So, if the PCUSA were to ordain people who are engaging in homosexual behavior and who intend to keep on doing so as opposed to repenting of it , then folks on the pro-righteousness side believe that the PCUSA would be endorsing sin. It would be a contradiction of biblical righteousness. It would be just as if the PCUSA allowed avowed racists to be ordained on the ground that racism is not always wrong.
Folks who oppose gay ordination are compelled by their commitment to the PCUSA and by their biblically-shaped moral convictions to fight against any allowance for gay ordination. Their perception of biblical righteousness requires it. Their sense of faithfulness to God demands it. So, though we who disagree on this issue can get along in a wide variety of contexts, we clearly cannot get along when it comes to the question of who should and should not be ordained.
And this is one of the essential functions of a denomination. If one group of Presbyterians ordains someone and another group of Presbyterians cannot recognize that ordination, then those groups are profoundly divided. Such a division makes denominational connectionalism extremely difficult if not impossible to maintain. It also cripples many efforts at unified mission.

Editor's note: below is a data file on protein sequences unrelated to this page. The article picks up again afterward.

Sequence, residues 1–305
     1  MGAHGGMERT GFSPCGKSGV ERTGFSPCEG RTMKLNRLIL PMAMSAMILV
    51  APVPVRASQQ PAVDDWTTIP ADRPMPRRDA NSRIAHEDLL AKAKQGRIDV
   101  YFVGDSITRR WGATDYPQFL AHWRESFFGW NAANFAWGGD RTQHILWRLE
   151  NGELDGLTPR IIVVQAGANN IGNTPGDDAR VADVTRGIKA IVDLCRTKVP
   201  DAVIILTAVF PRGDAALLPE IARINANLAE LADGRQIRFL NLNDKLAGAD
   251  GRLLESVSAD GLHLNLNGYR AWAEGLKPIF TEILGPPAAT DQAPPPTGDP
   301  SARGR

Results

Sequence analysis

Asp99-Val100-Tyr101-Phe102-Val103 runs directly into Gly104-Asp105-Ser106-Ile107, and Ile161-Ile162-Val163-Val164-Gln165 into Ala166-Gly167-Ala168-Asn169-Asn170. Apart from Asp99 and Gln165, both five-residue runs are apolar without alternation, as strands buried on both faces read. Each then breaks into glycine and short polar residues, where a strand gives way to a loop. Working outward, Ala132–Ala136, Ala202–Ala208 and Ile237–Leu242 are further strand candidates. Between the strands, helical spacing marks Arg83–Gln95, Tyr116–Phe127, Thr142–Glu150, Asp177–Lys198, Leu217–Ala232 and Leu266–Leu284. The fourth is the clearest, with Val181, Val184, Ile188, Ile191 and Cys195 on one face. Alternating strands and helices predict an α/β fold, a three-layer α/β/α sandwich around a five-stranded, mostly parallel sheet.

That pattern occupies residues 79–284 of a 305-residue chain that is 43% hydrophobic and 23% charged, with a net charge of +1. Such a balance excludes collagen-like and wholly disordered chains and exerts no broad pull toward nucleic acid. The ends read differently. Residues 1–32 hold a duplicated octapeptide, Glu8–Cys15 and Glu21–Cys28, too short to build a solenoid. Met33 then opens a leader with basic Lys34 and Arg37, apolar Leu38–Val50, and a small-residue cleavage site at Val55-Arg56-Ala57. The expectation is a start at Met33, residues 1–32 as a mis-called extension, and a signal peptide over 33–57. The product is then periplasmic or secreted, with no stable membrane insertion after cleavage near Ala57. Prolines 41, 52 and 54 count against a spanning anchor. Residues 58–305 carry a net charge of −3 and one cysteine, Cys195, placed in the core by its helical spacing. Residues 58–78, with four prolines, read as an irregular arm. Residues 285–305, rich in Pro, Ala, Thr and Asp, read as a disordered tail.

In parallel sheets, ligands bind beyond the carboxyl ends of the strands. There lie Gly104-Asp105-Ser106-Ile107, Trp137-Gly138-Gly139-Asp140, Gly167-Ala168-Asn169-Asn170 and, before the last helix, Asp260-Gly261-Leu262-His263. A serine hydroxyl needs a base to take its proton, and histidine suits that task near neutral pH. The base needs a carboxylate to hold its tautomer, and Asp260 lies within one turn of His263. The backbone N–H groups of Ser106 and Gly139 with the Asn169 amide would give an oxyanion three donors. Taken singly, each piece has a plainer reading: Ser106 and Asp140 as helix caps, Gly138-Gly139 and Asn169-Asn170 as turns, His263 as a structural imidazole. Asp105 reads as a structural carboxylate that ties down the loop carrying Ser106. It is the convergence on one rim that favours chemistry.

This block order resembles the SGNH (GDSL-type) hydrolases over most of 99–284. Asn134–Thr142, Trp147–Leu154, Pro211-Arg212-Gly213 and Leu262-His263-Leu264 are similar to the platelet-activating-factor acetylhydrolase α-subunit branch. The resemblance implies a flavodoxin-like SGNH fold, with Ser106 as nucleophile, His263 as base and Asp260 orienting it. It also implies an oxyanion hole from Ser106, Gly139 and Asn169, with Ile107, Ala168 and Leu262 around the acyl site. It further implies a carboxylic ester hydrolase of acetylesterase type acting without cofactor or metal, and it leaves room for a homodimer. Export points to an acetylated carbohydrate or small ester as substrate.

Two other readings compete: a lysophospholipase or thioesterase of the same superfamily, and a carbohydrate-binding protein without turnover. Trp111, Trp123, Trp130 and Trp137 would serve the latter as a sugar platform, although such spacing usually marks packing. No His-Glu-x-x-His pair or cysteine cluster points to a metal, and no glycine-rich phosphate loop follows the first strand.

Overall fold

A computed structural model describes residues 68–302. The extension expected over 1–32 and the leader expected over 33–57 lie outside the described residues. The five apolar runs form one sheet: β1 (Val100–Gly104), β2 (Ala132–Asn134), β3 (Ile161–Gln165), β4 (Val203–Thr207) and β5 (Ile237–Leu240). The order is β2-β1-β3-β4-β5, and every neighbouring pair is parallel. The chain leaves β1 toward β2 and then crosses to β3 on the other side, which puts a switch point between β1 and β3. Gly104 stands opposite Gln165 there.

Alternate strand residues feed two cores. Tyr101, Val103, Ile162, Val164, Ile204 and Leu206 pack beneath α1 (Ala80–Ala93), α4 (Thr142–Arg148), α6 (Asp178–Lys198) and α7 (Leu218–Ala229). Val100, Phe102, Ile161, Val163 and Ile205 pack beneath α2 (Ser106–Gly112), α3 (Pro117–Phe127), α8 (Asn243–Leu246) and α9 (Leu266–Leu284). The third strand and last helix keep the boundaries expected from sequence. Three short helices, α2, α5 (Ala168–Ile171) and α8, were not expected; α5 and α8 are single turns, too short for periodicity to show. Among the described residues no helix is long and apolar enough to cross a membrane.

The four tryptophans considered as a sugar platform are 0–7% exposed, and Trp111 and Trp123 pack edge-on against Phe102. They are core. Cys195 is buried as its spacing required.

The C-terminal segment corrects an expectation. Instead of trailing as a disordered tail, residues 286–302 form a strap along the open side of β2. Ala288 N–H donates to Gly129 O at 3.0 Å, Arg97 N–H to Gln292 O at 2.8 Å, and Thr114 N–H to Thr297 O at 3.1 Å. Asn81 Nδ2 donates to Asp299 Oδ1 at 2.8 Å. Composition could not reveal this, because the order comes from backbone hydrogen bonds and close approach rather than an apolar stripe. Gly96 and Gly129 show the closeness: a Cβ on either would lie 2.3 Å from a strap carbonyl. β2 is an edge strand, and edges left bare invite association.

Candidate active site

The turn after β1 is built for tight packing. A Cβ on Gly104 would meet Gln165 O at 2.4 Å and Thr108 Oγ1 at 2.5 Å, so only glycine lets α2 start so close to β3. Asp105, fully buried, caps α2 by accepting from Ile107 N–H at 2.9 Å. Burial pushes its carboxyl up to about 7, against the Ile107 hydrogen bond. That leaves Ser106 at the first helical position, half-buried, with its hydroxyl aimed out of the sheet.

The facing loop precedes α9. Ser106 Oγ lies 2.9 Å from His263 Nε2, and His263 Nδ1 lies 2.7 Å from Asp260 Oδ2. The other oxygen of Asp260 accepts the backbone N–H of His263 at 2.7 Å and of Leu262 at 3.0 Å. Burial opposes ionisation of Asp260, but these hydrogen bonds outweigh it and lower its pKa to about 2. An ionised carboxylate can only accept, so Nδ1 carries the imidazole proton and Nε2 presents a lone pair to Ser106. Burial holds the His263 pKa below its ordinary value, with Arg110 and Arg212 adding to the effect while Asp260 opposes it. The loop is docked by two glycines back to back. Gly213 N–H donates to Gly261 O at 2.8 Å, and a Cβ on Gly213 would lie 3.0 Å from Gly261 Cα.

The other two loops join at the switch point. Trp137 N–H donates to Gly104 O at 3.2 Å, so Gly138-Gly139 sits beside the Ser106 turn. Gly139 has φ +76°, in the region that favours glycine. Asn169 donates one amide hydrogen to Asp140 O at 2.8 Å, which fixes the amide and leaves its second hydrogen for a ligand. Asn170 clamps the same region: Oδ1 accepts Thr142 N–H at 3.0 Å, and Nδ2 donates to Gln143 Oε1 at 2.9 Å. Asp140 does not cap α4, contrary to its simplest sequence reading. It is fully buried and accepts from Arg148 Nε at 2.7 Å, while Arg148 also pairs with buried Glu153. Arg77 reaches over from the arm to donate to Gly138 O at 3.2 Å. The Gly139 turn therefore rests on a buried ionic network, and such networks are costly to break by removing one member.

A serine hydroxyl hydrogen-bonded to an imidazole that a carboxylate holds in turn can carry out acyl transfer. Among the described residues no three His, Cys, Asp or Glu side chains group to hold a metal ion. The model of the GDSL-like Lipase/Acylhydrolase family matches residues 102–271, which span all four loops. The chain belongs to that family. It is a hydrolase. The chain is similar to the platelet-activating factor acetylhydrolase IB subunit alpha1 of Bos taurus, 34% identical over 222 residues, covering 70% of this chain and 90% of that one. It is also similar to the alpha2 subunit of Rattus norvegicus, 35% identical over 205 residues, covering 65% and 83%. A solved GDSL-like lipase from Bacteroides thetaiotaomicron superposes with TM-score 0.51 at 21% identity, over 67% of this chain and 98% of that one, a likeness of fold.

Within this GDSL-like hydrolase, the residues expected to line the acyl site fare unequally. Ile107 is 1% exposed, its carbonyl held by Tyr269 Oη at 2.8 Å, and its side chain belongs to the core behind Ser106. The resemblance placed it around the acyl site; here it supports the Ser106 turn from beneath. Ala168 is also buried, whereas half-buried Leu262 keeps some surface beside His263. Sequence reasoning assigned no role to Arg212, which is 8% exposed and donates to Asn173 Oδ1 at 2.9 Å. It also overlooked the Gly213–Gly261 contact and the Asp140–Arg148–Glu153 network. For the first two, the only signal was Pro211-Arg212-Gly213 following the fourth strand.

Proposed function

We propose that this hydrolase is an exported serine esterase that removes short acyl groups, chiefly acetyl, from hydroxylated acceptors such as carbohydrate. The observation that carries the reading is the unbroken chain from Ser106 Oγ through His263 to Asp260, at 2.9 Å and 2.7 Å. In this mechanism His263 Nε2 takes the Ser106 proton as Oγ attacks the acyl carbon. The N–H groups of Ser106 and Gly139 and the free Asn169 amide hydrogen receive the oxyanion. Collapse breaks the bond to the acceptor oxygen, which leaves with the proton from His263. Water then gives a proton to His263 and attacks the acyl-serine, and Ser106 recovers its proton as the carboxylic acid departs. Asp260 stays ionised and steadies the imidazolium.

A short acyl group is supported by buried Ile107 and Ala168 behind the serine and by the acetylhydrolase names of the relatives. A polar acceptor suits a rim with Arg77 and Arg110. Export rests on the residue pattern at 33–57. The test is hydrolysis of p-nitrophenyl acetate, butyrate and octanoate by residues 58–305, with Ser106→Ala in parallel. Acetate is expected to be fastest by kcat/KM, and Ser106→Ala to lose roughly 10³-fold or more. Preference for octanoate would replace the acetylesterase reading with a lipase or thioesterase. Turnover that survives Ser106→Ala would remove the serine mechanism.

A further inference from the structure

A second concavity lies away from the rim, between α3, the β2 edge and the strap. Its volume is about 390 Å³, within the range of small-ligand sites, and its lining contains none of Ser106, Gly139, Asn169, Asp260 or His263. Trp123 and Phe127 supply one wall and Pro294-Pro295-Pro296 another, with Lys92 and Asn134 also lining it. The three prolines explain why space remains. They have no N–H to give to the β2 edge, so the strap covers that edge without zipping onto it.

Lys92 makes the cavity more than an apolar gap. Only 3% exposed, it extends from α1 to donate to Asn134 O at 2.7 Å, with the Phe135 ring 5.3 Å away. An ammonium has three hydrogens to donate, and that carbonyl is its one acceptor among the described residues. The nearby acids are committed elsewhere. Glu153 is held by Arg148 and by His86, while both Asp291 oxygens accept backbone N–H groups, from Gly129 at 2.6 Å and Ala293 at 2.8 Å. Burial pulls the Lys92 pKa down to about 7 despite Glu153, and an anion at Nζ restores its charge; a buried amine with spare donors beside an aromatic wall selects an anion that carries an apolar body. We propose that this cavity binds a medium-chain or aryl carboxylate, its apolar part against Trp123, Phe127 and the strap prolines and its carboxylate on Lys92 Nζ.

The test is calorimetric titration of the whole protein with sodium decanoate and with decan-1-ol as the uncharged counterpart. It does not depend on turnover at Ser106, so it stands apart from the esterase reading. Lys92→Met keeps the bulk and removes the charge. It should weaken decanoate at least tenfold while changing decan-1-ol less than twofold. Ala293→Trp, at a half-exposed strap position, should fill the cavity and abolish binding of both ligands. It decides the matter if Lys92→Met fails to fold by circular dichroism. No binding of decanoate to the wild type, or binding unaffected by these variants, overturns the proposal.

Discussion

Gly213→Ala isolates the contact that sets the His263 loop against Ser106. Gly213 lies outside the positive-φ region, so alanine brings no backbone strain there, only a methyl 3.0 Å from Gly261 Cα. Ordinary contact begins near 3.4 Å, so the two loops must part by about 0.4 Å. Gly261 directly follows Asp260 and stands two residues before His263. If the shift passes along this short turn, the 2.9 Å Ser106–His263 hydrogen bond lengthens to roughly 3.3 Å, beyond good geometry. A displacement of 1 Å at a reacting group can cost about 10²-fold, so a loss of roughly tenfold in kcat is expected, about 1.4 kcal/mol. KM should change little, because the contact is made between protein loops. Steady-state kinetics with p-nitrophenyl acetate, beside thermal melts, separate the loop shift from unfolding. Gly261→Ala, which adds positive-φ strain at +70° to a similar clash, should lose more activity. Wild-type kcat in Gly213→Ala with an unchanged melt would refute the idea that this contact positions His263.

And it greatly complicates the ministry of individual churches. It seems that the new moderator of the General Assembly, Bruce Reyes-Chow, agrees with me about this, though we come down on opposite sides of the gay ordination issue. For me I can live with agreeing to disagree on things such as. Could we agree to disagree about the ordination of women?
Could we agree to disagree about interracial marriage? This is not a call for folks who disagree either way to get the heck out of dodge, but it is a little nudge out there to see what folks are thinking. If in the end, it looks like we are headed in a particular direction or if we are already there, would our efforts be better spent in grace-filled disengagement that allows for new life?
Do we keep passionately engaged in the discourse trying to reach some kind of resolution? Even though he and I disagree on several things, I find his candor to be a breath of fresh air.
Most votes, whether in General Assemblies or in presbyteries, have been relatively close. Whether one side or the other is on top for the moment, the denomination is deeply divided. And this division will continue because, whatever you might think of PCUSA folk, or if you are one, whatever you might think of the other side in this debate, both sides operate with integrity and conviction and persistence given their beliefs about homosexuality.
If current trends continue, the end of the PCUSA, one way or another, is both inevitable and imminent. Section 1 As I pick up my blog series on the PCUSA, I want to consider the question of why we Presbyterians, given that we share the same Bible, differ so widely on the issue of gay ordination.
I realize that some of my readers want me to stop analyzing the issue and start proposing solutions or dissolutions! Clarity about these matters will help us make wise choices when it comes to tangible actions. It will also help us speak truly and respectfully of those with whom we disagree.
Too often in this debate folks on both sides have misrepresented the other side.